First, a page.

A looming unforced error

A looming unforced error


Last week, Halifax’s MP Andy Fillmore made a very welcome announcement: all three levels of government have agreed to move forward into the planning stages for a new commuter ferry between Bedford (at Mill Cove) and downtown Halifax. The ferry will be a big step forward for transit infrastructure in HRM. And the news gets better and better. The ferry will be fast, taking commuters from Bedford to downtown in less than 20 minutes. And it’s going to be green too, according to Deputy Premier Kelly Regan.

This news isn’t a total surprise. The ferry proposal was a part of Halifax Transit’s 2020 Rapid Transit Strategy, and for a lot of the last year, transit geeks have heard rumours that all three levels of government were committed to making the ferry happen.

But there’s something to be very worried about here. The ferry proposal was only one part of Halifax Transit’s Rapid Transit Strategy — the smaller part, actually. The much bigger and more important part was Bus Rapid Transit (BRT). And right now, there are no signs that Halifax Transit’s BRT proposal is moving forward.

Why isn’t the BRT proposal moving forward? The problem is the Province

Why isn’t the BRT proposal moving forward? Here’s what we know. In order to happen, all three levels of government have to commit to their share of the funding. HRM has already made that commitment, at least in principle. The Federal government has also already made that commitment, at least implicitly, because the whole thing is supposed to happen within the framework of a federal funding program. 

That leaves the Province. Right now, the Provincial government has given no public signal that it’s interested in contributing its share of funding to make BRT happen in HRM. Right now at least, the Provincial government has shown no interest in doing their part to bring rapid transit to Spryfield, Lacewood, North Dartmouth, Downtown Dartmouth, or the hospitals and universities on the Halifax Peninsula. 

Cost is not the problem

Maybe you think the price tag for BRT is too high for the Province to bear? Nope.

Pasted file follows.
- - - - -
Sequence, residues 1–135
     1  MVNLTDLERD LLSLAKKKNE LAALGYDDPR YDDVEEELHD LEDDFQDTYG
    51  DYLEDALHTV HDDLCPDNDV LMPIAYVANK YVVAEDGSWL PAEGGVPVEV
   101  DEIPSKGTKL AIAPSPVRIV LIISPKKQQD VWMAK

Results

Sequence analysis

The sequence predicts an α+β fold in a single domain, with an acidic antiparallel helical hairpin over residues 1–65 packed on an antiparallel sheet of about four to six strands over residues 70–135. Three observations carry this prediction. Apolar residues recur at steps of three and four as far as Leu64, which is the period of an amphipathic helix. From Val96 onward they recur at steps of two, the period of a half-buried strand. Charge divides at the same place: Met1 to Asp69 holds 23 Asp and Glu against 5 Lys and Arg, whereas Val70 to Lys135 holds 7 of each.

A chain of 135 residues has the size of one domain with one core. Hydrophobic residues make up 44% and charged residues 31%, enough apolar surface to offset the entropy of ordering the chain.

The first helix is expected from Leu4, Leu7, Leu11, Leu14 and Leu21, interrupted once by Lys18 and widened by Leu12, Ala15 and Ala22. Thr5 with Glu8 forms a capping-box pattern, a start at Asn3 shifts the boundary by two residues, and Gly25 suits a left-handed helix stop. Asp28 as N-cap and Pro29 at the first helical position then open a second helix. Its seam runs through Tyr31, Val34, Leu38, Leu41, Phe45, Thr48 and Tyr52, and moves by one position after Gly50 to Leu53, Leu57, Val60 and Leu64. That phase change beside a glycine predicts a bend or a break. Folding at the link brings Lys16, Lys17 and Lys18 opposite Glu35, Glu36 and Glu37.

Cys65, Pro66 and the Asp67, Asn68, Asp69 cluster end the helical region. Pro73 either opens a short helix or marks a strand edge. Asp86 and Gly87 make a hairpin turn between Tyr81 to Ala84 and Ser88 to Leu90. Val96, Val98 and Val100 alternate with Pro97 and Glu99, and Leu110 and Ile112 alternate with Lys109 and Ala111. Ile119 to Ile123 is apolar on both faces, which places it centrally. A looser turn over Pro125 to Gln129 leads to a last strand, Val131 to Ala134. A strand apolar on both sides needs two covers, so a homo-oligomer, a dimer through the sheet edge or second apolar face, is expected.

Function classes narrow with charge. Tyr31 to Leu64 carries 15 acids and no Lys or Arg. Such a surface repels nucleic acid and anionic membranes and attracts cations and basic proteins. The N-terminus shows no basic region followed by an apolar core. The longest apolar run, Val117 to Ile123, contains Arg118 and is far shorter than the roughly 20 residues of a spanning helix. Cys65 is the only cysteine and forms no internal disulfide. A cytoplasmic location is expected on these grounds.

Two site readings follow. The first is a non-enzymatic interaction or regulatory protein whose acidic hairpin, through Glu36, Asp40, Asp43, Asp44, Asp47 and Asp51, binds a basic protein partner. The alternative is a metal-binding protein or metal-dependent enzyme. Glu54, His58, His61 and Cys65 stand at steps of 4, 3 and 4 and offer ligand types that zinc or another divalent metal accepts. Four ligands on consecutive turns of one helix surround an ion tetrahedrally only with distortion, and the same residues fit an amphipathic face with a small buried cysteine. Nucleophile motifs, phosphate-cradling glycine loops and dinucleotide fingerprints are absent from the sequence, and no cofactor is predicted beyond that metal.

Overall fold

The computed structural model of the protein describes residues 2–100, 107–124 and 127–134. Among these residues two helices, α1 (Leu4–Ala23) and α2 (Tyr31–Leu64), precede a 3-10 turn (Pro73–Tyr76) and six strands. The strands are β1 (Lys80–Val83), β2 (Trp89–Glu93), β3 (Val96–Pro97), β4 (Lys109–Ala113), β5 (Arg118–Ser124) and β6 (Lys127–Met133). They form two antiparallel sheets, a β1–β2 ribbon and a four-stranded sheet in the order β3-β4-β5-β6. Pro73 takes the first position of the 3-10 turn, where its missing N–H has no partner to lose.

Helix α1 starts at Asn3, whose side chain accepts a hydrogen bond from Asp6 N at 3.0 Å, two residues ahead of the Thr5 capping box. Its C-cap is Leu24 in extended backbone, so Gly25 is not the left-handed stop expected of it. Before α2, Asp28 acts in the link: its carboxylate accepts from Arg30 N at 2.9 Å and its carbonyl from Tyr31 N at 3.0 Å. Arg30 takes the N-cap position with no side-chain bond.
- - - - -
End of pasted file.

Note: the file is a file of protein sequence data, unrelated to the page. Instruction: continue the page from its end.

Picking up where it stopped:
Sure, Halifax Transit estimates that the cost of building the BRT network will be about 75% higher than the cost of the new fast ferry. But on a very conservative estimate, the BRT network will serve more than three times as many people as the new fast ferry. Halifax Transit estimates that, if built, the BRT network will be within a quick walk of well over 120 thousand people. By contrast, all of Bedford (most of which will be nowhere near walking distance of the ferry) is only about 40 thousand people. 

On a per-person basis, BRT is a fraction of the cost of the new ferry. So why can’t the Province pull the trigger? 

Will the Province make a massive unforced error?

Halifax Transit’s BRT plan is excellent. It represents, by a very wide margin, the biggest, most important step forward for transit in HRM in many decades, maybe ever. It’s a plan to bring rapid transit to more than 120 thousand residents. Without that rapid transit, congestion will only get worse, pollution will only get worse, and it will only get harder for people to access jobs, the hospitals, and the universities. To look at Halifax Transit’s excellent plan and say “nah” — to shrug and assume the status quo for buses in HRM is good enough for the people who rely on them — would be an epic unforced error. 

But what’s more, there is no longer any question about whose error it will be. The Municipality is on board. The Federal government is on board. If this massive unforced error gets made, it will be made by Iain Rankin’s government.